Mirrormask was originally a short story which became a film, directed by Dave McKean, of wonderfully beautiful weirdness: Helena and her irrepressible new friend Valentine skate through the air on library books to a near-deserted city, where fish flock at head height and rainbow-winged sphinxes trade riddles. Helena has a clear mission to save the Queen of Light, who looks a lot like her mother; but the Queen of Darkness is missing a daughter, and Helena soon has a good idea where that daughter might be – and she seems in no hurry to return. Once the Queen of Darkness’ daughter starts tearing down Helena’s drawings, time is running out for Helena to find the fabled Mirrormask, wake the Queen of Light, make it back into her own world and – she hopes – by some magical equivalence, heal her own mother.
Another short story – or short book – which became something more substantial is the lovely (and not-too-scary) Odd and the Frost Giants, originally written as a £1 World Book Day title and one of the best and most satisfying of those, then given full illustrated-hardback treatment. It begins, compellingly: “There was a boy whose name was Odd, and there was nothing strange or unusual in that, not in that time or place. Odd means the tip of a blade, and it was a lucky name.” Odd isn’t lucky, though: his Viking father dies unheroically, and his mother remarries; he tries to fell a tree with his father’s axe, and is crippled; his new stepfather resents and bullies Odd, who runs away. Taking refuge in his father’s old hut, he is visited by a fox, a bear and a one-eyed eagle: the Norse gods Loki, Thor and Odin, ignominiously transformed into animals and unable to reclaim their home Asgard from the marauding Frost Giants. How can a crippled human boy hope to help the gods? By thinking and remembering, listening and understanding in this wonderful, deceptively plainly-told, thoughtful and wise fable.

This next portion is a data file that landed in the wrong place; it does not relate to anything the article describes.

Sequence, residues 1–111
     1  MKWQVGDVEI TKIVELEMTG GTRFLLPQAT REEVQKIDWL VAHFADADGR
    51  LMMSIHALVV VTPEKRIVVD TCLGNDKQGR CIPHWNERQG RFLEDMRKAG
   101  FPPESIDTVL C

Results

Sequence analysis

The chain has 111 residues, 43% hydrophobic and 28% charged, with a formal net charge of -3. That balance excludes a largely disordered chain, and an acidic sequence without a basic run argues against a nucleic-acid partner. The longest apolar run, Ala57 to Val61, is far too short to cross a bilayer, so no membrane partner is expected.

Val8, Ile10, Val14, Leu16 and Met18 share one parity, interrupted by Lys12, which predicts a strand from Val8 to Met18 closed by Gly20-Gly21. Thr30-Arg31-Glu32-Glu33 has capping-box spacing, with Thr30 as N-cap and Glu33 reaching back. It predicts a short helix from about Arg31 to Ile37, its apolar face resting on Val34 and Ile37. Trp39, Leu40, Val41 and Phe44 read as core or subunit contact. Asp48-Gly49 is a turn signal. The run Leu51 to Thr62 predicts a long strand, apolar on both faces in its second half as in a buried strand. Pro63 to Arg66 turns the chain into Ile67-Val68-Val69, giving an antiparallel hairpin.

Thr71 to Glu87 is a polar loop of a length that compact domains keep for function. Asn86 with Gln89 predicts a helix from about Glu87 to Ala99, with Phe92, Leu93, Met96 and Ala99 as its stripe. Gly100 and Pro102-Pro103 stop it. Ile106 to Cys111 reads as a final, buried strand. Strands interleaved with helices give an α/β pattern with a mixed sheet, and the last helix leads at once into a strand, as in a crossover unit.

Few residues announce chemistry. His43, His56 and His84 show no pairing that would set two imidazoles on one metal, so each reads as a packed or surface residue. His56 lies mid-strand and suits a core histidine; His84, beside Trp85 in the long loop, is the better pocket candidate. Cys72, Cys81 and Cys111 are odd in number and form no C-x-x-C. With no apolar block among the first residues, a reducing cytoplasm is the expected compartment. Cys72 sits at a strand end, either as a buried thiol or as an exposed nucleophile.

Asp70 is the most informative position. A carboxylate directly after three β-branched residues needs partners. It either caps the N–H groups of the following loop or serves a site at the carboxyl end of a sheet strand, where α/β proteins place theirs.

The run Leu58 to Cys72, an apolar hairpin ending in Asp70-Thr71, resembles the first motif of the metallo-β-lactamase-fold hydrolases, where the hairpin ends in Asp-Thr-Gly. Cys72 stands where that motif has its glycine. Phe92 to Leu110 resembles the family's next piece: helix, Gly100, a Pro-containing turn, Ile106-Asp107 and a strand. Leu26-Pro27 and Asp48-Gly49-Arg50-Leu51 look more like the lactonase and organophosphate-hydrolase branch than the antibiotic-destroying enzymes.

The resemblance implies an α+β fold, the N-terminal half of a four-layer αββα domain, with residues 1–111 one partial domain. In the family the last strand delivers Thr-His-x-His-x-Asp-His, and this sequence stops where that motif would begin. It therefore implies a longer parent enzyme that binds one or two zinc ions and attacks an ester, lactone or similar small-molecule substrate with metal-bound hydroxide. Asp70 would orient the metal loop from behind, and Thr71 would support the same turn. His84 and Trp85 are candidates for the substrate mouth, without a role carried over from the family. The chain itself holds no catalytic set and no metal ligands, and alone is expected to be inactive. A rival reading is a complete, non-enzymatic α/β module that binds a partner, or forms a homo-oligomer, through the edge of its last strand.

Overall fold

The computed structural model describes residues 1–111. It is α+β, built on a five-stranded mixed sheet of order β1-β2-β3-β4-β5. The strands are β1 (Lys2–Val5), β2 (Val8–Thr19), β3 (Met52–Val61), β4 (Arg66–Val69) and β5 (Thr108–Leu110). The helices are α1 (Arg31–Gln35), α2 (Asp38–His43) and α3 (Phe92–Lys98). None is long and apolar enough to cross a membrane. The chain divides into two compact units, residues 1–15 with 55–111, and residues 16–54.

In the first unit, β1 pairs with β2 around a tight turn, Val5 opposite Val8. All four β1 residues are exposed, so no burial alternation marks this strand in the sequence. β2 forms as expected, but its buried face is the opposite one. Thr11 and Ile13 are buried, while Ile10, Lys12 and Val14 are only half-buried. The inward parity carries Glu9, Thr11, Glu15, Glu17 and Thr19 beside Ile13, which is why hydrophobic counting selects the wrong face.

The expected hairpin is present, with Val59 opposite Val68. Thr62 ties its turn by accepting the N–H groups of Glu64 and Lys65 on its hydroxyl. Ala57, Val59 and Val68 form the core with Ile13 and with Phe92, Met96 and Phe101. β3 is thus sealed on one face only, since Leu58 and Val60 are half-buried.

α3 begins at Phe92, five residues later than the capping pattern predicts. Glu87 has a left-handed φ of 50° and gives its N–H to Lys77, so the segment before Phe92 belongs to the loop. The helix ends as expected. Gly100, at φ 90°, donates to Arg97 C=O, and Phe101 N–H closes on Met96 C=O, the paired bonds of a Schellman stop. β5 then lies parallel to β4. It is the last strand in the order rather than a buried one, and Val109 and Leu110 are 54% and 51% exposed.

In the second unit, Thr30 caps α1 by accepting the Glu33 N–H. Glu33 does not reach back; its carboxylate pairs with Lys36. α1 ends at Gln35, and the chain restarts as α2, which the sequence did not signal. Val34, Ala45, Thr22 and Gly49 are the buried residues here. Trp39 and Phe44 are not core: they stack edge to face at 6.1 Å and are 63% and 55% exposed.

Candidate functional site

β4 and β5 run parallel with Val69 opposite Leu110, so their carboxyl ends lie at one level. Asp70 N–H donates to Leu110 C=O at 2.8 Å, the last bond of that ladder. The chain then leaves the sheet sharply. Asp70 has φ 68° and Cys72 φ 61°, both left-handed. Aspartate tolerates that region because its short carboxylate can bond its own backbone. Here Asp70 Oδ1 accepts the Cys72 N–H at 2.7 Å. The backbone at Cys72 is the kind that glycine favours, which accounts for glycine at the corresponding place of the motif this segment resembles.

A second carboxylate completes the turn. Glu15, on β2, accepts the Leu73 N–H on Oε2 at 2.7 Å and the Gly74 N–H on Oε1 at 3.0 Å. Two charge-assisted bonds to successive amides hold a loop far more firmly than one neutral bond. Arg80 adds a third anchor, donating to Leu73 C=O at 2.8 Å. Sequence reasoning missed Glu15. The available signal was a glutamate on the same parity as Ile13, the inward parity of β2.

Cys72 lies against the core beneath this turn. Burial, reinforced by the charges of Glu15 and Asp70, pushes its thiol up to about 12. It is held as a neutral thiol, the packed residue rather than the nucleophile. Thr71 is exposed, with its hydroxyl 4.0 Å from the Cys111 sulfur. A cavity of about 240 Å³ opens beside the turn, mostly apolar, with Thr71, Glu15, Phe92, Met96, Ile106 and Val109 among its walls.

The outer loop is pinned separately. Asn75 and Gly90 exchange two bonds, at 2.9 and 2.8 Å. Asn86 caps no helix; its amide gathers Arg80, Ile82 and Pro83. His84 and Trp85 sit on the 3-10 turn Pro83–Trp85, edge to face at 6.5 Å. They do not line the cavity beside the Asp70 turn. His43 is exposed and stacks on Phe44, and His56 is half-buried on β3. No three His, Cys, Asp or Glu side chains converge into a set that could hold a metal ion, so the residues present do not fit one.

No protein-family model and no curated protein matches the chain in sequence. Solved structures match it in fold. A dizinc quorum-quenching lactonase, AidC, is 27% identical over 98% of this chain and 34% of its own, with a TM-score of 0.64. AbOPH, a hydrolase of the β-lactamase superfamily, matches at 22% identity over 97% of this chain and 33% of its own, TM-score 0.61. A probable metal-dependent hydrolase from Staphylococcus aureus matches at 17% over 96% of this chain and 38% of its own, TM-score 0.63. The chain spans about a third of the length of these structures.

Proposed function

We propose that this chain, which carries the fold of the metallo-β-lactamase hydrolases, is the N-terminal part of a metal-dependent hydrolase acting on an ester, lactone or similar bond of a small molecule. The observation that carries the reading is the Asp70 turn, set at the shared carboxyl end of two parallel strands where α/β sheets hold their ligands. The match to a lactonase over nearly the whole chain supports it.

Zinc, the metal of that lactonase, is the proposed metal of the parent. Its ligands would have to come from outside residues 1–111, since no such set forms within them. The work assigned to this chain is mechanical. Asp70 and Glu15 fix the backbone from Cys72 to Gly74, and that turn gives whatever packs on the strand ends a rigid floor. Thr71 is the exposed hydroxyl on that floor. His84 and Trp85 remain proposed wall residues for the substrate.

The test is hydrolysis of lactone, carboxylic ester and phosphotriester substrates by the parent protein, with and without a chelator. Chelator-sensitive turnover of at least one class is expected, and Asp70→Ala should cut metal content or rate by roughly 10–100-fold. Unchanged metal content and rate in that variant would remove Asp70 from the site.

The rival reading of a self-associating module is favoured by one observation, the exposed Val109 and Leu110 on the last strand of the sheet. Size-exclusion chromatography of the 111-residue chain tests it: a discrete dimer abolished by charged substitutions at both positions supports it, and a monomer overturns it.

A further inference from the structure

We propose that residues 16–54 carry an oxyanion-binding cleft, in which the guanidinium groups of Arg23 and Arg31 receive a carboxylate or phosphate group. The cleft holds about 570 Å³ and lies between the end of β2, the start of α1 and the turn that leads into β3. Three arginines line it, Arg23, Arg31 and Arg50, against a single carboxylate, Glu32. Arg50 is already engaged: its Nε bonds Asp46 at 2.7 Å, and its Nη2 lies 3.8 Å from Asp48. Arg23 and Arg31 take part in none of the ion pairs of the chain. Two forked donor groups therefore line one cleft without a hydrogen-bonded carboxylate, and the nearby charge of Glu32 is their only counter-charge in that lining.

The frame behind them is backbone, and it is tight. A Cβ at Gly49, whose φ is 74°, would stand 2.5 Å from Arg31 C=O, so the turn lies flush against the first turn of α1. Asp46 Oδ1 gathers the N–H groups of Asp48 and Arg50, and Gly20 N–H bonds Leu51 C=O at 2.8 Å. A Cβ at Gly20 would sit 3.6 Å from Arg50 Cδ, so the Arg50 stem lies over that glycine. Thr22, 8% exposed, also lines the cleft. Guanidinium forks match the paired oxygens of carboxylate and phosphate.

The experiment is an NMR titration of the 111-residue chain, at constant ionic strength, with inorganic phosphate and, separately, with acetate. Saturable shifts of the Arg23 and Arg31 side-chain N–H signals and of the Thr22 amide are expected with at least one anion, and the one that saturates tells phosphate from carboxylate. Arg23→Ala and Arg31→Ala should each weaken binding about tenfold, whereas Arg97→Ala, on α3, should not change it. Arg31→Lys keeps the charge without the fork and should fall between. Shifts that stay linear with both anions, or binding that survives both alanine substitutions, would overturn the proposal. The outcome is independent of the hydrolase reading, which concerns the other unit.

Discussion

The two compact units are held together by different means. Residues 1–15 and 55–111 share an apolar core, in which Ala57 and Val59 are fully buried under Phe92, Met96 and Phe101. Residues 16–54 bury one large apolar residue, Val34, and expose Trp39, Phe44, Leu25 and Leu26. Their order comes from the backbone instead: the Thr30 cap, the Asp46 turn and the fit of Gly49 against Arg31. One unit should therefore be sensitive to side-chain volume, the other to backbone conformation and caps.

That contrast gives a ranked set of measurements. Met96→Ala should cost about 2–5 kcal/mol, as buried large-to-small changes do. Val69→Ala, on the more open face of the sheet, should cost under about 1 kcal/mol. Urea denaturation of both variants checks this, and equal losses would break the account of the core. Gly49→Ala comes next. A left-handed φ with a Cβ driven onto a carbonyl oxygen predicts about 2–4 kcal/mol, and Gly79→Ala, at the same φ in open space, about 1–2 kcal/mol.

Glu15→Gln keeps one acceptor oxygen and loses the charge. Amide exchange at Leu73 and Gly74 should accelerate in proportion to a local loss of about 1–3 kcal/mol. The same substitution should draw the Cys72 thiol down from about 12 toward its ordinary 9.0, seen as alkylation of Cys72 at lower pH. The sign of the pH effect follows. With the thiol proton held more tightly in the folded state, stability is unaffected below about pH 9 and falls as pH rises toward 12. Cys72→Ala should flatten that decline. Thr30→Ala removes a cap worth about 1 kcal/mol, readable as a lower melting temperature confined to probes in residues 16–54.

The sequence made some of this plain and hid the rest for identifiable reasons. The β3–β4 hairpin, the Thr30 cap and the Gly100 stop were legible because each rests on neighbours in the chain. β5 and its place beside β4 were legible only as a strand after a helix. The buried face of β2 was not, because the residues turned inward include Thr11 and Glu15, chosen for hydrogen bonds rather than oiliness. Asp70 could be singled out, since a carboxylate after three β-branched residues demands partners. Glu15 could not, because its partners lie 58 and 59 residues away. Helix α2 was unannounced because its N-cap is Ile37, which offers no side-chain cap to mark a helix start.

Odd and the Frost Giants’ “proper book” treatment was undoubtedly inspired by the success of The Graveyard Book, unprecedented winner of both the Newbery and the Carnegie medals, the highest honours for a children’s book in the US and UK respectively. It begins nightmarishly with a cool description of an assassin working his way through a sleeping household, only to be thwarted when he reaches the nursery at the top of the house and finds the cot empty. The infant who should be there has clambered free, down the stairs and into the street, toddling uphill to the graveyard – where a community of ghosts enthusiastically adopts the now-orphan, named Nobody or Bod for short. Bod has the kindly seventeenth-century Owenses for parents, mysterious Silas (who can come and go between the worlds of living and dead) as a guardian, stern Miss Lupescu as a governess – and brief, disconcerting encounters with the living world when he befriends the little girl Scarlett, tangles with a crooked antique dealer and goes for a short while to a regular school where he unexpectedly breaks the hold of the class bullies. All the while, he is in danger from the sinister figure and organisation that killed the rest of his family; and the graveyard won’t protect him forever. An inspired combination of myth, convention and brilliantly-realised, ringing-true-in-every-detail imagination.
There’s a particularly good website for Gaiman’s younger readers, www.mousecircus.com, well stocked with not just book and author information but also video clips, podcasts, downloads and games. (No performing mice as yet, but I do hope that they are at least rehearsing.)